Christine McLean v. Director, Environmental Management Act
Decision Date: November 3, 2021
Panel: Darrell Le Houillier
Keywords: Environmental Management Act – ss. 16, 101, 102(2); permit amendment; preliminary application; amended notice of appeal; Unifor Local 2301 v. Rio Tinto Alcan Inc., 2017 BCCA 300
Christine McLean appealed a permit amendment issued in 2017 (the “2017 Amendment”) to Mount Polley Mining Corporation (“MPMC”) by the Director, Environmental Management Act (the “Director”), Ministry of Forests, Lands, Natural Resource Operations and Rural Development. The permit authorized MPMC to discharge effluent from MPMC’s copper and gold mine.
The permit was amended several times after the 2017 Amendment. Some of the subsequent amendments removed or altered some of the changes that the 2017 Amendment made to the permit. Some of the subsequent amendments were appealed by Ms. McLean and/or MPMC. Of those appeals, only one filed by MPMC remained active (Appeal No. EAB-EMA-20-A003). Ms. McLean’s appeal of the 2017 Amendment and MPMC’s appeal of a subsequent amendment were scheduled to be heard separately by the Board.
In July 2021, Ms. McLean applied to amend her Notice of Appeal with respect to some of her grounds for appeal and the remedies she was seeking in relation to the 2017 Amendment. The Director and MPMC objected to some of the proposed amendments to her Notice of Appeal.
In deciding whether to grant the application, the Board applied a test it had used in previous decisions. The first question was whether it was plain and obvious, on a generous reading of the proposed amended or new ground of appeal, that the Board had no jurisdiction over the amended or new ground, or that the proposed amended or new ground was completely irrelevant to the appeal. Next, the other parties’ right to procedural fairness should be considered, including whether the other parties received adequate notice of any material changes to the grounds, and whether allowing the amended or new ground adds complexity to the appeal or lengthens the hearing. Any potential prejudice to the other parties should be balanced against an appellant’s right to a fair opportunity to be heard. Similar considerations apply to new or amended remedies.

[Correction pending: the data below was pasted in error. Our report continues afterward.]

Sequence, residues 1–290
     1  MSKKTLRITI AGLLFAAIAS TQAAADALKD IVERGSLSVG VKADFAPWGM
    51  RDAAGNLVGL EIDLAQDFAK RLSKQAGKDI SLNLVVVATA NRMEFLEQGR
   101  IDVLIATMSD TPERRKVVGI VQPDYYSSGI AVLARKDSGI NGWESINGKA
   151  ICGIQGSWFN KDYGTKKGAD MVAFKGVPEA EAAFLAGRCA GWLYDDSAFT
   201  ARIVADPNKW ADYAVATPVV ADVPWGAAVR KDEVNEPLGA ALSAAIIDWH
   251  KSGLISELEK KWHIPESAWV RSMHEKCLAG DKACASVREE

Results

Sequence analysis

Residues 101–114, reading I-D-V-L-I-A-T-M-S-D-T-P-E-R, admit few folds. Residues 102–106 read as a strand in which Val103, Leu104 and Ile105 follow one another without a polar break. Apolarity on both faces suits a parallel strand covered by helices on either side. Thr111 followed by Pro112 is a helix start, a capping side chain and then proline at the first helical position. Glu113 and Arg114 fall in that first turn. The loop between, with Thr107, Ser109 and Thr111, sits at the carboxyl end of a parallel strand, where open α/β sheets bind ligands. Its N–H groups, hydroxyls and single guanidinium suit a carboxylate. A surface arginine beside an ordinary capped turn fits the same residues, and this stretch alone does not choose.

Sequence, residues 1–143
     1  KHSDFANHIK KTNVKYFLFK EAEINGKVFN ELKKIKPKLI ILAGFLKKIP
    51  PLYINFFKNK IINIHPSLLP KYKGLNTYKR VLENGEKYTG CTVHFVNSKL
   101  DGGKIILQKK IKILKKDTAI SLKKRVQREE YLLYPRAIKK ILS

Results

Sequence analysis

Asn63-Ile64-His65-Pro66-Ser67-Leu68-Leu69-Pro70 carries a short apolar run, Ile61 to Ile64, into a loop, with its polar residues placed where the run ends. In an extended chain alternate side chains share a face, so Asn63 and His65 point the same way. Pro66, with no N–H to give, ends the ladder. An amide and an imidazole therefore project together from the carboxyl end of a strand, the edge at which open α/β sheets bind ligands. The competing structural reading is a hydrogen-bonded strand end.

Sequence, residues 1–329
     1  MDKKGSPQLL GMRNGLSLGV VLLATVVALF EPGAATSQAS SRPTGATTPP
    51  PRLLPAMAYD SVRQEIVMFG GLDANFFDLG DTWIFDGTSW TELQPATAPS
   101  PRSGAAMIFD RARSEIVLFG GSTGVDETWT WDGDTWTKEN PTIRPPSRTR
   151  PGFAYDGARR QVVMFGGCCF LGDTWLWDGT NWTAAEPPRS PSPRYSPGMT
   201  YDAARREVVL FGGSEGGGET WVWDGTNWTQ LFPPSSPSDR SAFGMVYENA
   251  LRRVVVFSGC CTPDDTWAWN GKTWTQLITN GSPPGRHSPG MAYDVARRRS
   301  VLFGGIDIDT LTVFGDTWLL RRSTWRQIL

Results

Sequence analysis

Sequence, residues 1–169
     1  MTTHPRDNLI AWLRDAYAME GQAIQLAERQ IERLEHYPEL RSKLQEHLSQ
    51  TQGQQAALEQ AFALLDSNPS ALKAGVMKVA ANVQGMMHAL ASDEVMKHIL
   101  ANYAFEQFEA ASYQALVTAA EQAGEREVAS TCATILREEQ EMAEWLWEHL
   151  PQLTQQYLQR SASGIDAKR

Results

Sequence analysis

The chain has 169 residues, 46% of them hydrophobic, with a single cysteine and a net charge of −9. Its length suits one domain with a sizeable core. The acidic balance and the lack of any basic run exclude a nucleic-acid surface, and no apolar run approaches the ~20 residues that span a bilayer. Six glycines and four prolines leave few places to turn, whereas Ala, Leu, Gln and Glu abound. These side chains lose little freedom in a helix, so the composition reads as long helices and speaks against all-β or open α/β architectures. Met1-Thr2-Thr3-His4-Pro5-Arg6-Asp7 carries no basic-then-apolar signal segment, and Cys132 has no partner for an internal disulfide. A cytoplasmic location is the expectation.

The Board found that, to the extent that Ms. McLean may, in effect, be attempting to challenge decisions made with respect to the permit before or after the 2017 Amendment, she had no standing to appeal such decisions. Section 101 of the Environmental Management Act provides a 30-day appeal period, and the Board has no jurisdiction to extend that appeal period. Ms. McLean cannot challenge other decisions through her appeal of the 2017 Amendment. Furthermore, to the extent that she may be attempting to appeal the entirety of the Permit, this was not permissible. The appeal must narrowly focus on the 2017 Amendment. However, in deciding the appeal of the 2017 Amendment, the Board may consider information that became known before and since the 2017 Amendment, if that information is relevant to the issues in the appeal.
Turning to the application, the Board found that most of the proposed amended or new grounds of appeal and remedies were within the Board’s jurisdiction, and the other parties had received adequate notice of the proposed changes. Any prejudice to the other parties would only arise from having to prepare submissions and some evidence regarding the amended or new grounds and remedies. This potential prejudice did not outweigh Ms. McLean’s right to a full hearing of the appeal. In addition, allowing the amendments would help ensure that the Board make a more fully informed decision when it decides the appeal. As a result, the Board granted most aspects of the application.
The Board refused to allow the addition of one proposed new remedy. The proposed remedy asked that, if the appeal was successful, the Board should add a condition in the permit that would take away MPMC’s ability to discharge effluent under the permit if MPMC did not comply with the reporting requirements in the permit. The Board found that it was unclear whether the proposed remedy was within the Board’s jurisdiction, because it was unclear whether this remedy related to the portions of the permit that were added or amended by the 2017 Amendment. In any event, the proposed remedy was inappropriate because it would limit how the Director could respond to any future non-compliance with reporting requirements in the permit.
For those reasons, the Board granted the application, in part.